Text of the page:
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I am having a new clutch fitted to 147 JTDm sport Q2, 55,000 miles, should the DMF need replacing?
 

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If your clutch feels heavy, or is affected by getting warm in town traffic( poss slippage) then that's normally a symptom of the dfm failing, if you intend to keep the car then I would replace the dfm as you have spent the labour getting to that point. It seems there are wild variations on what type of mileages on how these things last. My dfm slipped when hot from 29000 miles, got gradually heavy
It lasted me till 125000 miles.hope this helps
 

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Discussion Starter #3
If your clutch feels heavy, or is affected by getting warm in town traffic( poss slippage) then that's normally a symptom of the dfm failing, if you intend to keep the car then I would replace the dfm as you have spent the labour getting to that point. It seems there are wild variations on what type of mileages on how these things last. My dfm slipped when hot from 29000 miles, got gradually heavy
It lasted me till 125000 miles.hope this helps
Hmmm, clutch has always been heavy but never slips - pedal travel is very short, like on or off, just had cambelt/water pump etc. done so loathe to sell now! Thanks for info, DR.
 

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Depends if it had excess play in it or not, the only way to know for sure is to remove the gearbox, remove the old clutch and then physically check the DMF.
 

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You have already paid for the expensive service items on the car, if you expect to replace the front suspension arms ( around £500) around 75000 miles
Then apart from your service your next main expense will be around 70000 miles from your last belt change.this will take you to around 4/5 years of motoring. Well worth the outlay, if you like the car it works out a reasonable long term commitment , mines up to 135000 miles, I really do have a problem trying to find another car that ticks so many boxes.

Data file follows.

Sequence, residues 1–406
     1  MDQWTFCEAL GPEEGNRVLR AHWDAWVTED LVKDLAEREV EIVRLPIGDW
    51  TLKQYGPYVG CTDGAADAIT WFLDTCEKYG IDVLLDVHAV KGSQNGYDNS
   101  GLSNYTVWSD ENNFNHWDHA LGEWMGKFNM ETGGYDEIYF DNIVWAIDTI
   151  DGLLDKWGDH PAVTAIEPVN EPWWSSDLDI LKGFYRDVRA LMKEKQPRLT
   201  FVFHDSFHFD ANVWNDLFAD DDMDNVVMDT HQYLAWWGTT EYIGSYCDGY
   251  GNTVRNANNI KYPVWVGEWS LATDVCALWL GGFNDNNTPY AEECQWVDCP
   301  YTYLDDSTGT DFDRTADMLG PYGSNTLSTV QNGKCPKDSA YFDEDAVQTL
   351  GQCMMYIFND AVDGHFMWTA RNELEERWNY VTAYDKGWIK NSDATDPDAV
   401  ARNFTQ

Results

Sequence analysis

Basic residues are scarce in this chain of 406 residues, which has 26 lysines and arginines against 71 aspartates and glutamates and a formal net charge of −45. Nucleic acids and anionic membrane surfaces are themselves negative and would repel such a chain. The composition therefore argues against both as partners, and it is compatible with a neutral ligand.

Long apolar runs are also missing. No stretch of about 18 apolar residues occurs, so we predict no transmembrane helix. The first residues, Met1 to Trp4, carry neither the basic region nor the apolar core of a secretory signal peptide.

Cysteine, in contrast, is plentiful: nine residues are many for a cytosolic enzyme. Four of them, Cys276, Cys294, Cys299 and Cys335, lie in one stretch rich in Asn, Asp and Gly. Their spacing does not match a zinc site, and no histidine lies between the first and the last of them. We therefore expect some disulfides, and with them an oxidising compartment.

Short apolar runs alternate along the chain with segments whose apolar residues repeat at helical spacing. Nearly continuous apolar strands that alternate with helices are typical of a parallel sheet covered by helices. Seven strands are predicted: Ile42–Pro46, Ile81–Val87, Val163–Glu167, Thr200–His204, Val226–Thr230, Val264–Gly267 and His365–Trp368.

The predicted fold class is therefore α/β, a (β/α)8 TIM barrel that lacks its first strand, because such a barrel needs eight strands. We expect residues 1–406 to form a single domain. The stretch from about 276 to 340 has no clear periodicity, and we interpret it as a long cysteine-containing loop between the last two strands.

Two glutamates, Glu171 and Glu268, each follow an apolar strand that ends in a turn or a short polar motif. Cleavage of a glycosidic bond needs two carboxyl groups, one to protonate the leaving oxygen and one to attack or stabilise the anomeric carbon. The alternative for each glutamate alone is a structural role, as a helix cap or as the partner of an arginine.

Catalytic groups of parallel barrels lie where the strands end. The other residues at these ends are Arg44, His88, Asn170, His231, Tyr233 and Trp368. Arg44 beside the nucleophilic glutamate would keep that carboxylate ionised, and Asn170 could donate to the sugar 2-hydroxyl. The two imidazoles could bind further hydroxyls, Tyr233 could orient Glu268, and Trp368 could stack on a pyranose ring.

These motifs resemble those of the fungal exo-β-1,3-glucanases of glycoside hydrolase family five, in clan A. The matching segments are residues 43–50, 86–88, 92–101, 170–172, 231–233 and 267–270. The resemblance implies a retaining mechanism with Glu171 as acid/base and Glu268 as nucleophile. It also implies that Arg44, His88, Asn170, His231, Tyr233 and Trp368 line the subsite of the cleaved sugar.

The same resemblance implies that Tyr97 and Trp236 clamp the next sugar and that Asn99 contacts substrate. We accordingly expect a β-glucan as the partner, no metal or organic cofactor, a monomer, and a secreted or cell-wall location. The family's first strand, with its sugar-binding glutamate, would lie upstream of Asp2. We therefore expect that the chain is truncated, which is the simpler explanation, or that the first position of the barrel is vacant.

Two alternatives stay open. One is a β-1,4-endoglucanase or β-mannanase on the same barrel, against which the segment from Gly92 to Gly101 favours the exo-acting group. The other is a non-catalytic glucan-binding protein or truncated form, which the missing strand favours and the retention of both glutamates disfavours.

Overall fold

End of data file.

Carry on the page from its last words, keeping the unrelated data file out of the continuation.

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I think change it if it needs it is good advice.

Clutch + slave cylinder were replaced on my 147 Sport Q2 at 60k, by the previous owner. When I bought the car last November I was concerned that the DMF had not been changed. He said there was no point, the DMF was fine, and he was right. It is fine at 78k. No noises or slop at all, the clutch is smooth and light. Or was when I last drove it, now in bits for swirl flap damage, but that's another story...

Elsewhere I've seen it said that, treated sympathetically, a DMF will last the life of 2 clutches. Allegedly it's slogging the engine at low revs that batters them to early death, better to use the clutch and more revs as you'd have to in a petrol car.
 

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As Pud says, you can only check the DMF when the gearbox is off. When my DMF failed it gave no symptoms or noise until right near the end. The original lasted 140,000 miles and only made noticeable noise (plus some vibration through the clutch pedal) for the last 1,000 miles.

Keith
 

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Begs the question ... why are you changing a clutch at only 55K miles when it doesn't slip ? If it's because it's stiff/heavy then this is usually related to the release mechanism rather than the clutch itself. I had the on/off pedal effect but this was cured by simply lubricating the release arm bushes.
 

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Begs the question ... why are you changing a clutch at only 55K miles when it doesn't slip ? If it's because it's stiff/heavy then this is usually related to the release mechanism rather than the clutch itself. I had the on/off pedal effect but this was cured by simply lubricating the release arm bushes.
Lots of ways the clutch can fail before slipping, lots of ways it can go heavy...

Take mine for example - it was heavy at 35k, I lubed the bushing and changed the slave cylinder at 38k, pressure plate failed at 40k meaning the whole clutch pack needed changing. Clutch was heavy because the pressure-plate/bearing was on its way out.

Entirely possible they've been advised by a garage that the clutch is on it's way out and needs doing, as I was by Ned about 5k before mine failed.
 
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